• P.O. Box 65900 Washington, D.C. 20035-5900
  • 202-257-5446
  • P.O. Box 65900 Washington, D.C. 20035-5900
  • 202-257-5446

The Blinded American Veterans Foundation assists blinded and sensory-disabled veterans in attaining their full potential through research, rehabilitation, and re-employment.  It offers employment networking and rehabilitation and resource counseling, and provides funding for rehabilitation centers.  Other programs include a speaker's bureau, placement services, and a compilation of related statistics.  It also conducts research, educational, and charitable programs.  This valuable service is performed strictly with volunteers and no paid staff.

The Blinded American Veterans Foundation was launched in 1985 by three American veterans who lost their sight during service in Korea and Vietnam -- John Fales(USMC), Don Garner(USN) and Dennis Wyant (USN).

All had achieved successful careers despite their blindness. But the realization among them that many sensory disabled veterans had not had the opportunities afforded them led to their determination to form the Foundation and pursue its three main goals: Research, Rehabilitation and Re-employment.

From the beginning, it was determined that BAVF would not be a membership organization or a substitute for already established veterans service organizations. Instead, the Foundation was designed to become a nationwide focal point and clearinghouse for research, information dissemination and educational efforts. As a result, BAVF concentrates on:

  • Supporting medical research on sensory disabilities, as well as the development of improved sensory prosthetics.
  • Outreach programs to further identify issues of personal importance to veterans with sensory disabilities.
  • Informational programs directed at state and federal government agencies, the Congress and state legislatures, the private business sector and the general public.
  • The development of a nationwide volunteer corps to assist veterans with sensory disabilities.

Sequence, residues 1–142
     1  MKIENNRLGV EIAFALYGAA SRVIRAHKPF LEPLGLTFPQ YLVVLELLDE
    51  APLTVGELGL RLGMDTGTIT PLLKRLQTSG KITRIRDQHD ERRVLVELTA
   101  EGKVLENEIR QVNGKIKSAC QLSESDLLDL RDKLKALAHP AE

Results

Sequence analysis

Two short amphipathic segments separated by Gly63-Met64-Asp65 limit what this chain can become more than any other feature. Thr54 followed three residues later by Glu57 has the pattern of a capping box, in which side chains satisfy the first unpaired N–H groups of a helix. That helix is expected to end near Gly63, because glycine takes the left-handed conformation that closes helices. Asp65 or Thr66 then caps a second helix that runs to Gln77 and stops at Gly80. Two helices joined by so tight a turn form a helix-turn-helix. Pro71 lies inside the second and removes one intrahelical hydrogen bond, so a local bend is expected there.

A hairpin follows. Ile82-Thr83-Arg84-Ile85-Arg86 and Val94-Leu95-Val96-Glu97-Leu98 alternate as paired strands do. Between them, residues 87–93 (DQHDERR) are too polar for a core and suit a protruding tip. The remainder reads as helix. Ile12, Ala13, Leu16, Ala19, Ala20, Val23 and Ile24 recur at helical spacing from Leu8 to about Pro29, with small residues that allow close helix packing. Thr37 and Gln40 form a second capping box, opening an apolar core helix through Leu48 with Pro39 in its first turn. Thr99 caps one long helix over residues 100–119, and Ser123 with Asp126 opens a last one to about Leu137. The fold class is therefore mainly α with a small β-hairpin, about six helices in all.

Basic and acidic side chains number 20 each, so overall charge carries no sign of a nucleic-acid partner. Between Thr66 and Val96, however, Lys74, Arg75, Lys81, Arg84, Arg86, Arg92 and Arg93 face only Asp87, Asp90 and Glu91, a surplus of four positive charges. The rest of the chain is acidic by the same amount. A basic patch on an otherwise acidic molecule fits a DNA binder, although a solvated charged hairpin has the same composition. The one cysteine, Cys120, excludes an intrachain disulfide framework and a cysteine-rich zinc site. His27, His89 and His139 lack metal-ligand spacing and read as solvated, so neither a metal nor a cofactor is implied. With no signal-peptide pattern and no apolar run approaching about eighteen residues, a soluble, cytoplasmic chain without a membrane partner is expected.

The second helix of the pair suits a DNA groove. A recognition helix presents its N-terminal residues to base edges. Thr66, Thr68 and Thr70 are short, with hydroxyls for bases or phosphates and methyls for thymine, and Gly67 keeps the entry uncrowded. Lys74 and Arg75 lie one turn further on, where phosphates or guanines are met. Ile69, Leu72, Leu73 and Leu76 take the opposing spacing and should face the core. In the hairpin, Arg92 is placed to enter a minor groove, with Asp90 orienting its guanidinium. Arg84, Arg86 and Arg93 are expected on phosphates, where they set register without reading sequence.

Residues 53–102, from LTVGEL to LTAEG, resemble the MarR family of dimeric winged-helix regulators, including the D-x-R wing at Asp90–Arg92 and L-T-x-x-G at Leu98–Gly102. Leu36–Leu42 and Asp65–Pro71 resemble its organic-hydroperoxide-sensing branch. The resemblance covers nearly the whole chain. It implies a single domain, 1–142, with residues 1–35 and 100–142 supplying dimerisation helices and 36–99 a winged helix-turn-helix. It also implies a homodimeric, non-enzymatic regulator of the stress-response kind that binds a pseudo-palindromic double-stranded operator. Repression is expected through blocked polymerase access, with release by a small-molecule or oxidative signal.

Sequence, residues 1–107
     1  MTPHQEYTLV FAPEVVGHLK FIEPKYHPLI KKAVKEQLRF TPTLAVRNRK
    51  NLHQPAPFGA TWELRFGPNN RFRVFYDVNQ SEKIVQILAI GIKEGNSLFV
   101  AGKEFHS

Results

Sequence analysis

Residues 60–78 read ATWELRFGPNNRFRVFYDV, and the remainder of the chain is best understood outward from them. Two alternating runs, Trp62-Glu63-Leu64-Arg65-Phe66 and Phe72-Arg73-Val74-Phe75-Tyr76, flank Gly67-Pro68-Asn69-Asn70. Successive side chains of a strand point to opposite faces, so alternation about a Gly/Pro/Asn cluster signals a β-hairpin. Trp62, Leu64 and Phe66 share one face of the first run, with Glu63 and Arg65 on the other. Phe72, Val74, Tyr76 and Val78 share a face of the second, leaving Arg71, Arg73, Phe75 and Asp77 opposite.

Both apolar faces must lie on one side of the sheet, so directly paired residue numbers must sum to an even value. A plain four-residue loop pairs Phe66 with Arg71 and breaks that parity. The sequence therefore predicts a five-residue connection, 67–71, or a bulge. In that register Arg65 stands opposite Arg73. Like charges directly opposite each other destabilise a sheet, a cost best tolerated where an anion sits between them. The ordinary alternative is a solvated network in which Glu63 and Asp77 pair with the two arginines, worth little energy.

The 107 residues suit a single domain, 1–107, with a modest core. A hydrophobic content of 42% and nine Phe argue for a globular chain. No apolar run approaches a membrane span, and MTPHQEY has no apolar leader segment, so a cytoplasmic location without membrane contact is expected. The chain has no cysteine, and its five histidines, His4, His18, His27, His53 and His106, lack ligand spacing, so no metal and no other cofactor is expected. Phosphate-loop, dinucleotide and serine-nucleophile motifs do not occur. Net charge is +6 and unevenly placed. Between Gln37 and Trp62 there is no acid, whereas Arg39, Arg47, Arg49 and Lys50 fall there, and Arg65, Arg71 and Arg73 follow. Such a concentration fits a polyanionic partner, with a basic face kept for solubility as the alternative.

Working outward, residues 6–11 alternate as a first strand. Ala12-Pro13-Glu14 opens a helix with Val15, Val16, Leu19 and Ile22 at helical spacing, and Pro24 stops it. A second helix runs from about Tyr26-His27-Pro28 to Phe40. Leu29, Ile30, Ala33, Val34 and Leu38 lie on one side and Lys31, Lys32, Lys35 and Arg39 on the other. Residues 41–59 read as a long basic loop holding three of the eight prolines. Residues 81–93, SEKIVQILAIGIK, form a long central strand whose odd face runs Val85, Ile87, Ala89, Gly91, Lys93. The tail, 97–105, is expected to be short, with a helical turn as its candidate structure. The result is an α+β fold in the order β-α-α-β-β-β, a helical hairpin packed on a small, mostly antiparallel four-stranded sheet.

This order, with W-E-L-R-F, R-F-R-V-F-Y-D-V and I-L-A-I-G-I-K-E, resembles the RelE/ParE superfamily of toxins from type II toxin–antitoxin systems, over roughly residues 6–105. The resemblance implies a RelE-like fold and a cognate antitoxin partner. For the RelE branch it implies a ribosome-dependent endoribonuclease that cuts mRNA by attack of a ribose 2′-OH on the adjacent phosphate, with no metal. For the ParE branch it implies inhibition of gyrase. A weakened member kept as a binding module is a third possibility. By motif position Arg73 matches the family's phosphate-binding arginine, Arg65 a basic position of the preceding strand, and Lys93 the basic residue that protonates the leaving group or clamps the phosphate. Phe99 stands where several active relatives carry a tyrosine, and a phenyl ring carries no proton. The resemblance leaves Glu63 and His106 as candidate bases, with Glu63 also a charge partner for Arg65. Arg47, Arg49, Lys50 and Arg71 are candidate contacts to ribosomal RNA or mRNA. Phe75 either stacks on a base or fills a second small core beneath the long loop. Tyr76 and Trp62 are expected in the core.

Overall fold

Since its founding in 1985, BAVF has made major strides toward achieving its goals of advanced research, improved rehabilitation programs and wider re-employment opportunities. A few examples:

  • The Americane, which was developed through R & D grants from BAVF, has been certified by the Department of Veterans Affairs as a sensory aid and-with the assistance of the Disabled American Veterans' Blind National Chapter-has given more than 2,500 blinded vets greater mobility and independence.
  • Thousands of blinded vets have received an audio version of the Veterans Benefit Handbook and many of them for the first time now have full awareness of the range of benefits available to them. Copies of the audio disks have also been donated to the Library of Congress and many other public libraries across the nation.
  • Direct financial grants to VAMC's and Blind Rehabilitation Centers and Clinics have assisted in covering budget shortfalls, improved vital computer training capabilities and assisting visual impairment coordinators--as well as establishing educational trust funds for training VIC's.

Additionally, for the first time since the inception of the Blind Rehabilitation Program at the end of WWII, BAVF funded a nationwide comprehensive survey and analysis of how the program is faring-its strengths, its weaknesses and how it may be improved. In 2000, the BAVF also conducted a nationwide follow-up study to determine what progress, if any,-has been made and to press for further improvement.

These are but a few of the Foundation's achievements, and even fewer of its hopes for the future. But most importantly, BAVF's accomplishments--as was the intent of its founders-have been realized through the selfless efforts of hundreds of volunteers.